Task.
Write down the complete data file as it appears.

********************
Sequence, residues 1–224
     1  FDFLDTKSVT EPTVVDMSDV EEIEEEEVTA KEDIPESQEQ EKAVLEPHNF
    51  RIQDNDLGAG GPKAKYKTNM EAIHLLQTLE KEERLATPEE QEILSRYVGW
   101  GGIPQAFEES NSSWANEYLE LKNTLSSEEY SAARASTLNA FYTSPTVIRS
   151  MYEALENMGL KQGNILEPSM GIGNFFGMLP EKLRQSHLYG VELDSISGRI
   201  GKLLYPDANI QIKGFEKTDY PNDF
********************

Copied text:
Sequence, residues 1–224
     1  FDFLDTKSVT EPTVVDMSDV EEIEEEEVTA KEDIPESQEQ EKAVLEPHNF
    51  RIQDNDLGAG GPKAKYKTNM EAIHLLQTLE KEERLATPEE QEILSRYVGW
   101  GGIPQAFEES NSSWANEYLE LKNTLSSEEY SAARASTLNA FYTSPTVIRS
   151  MYEALENMGL KQGNILEPSM GIGNFFGMLP EKLRQSHLYG VELDSISGRI
   201  GKLLYPDANI QIKGFEKTDY PNDF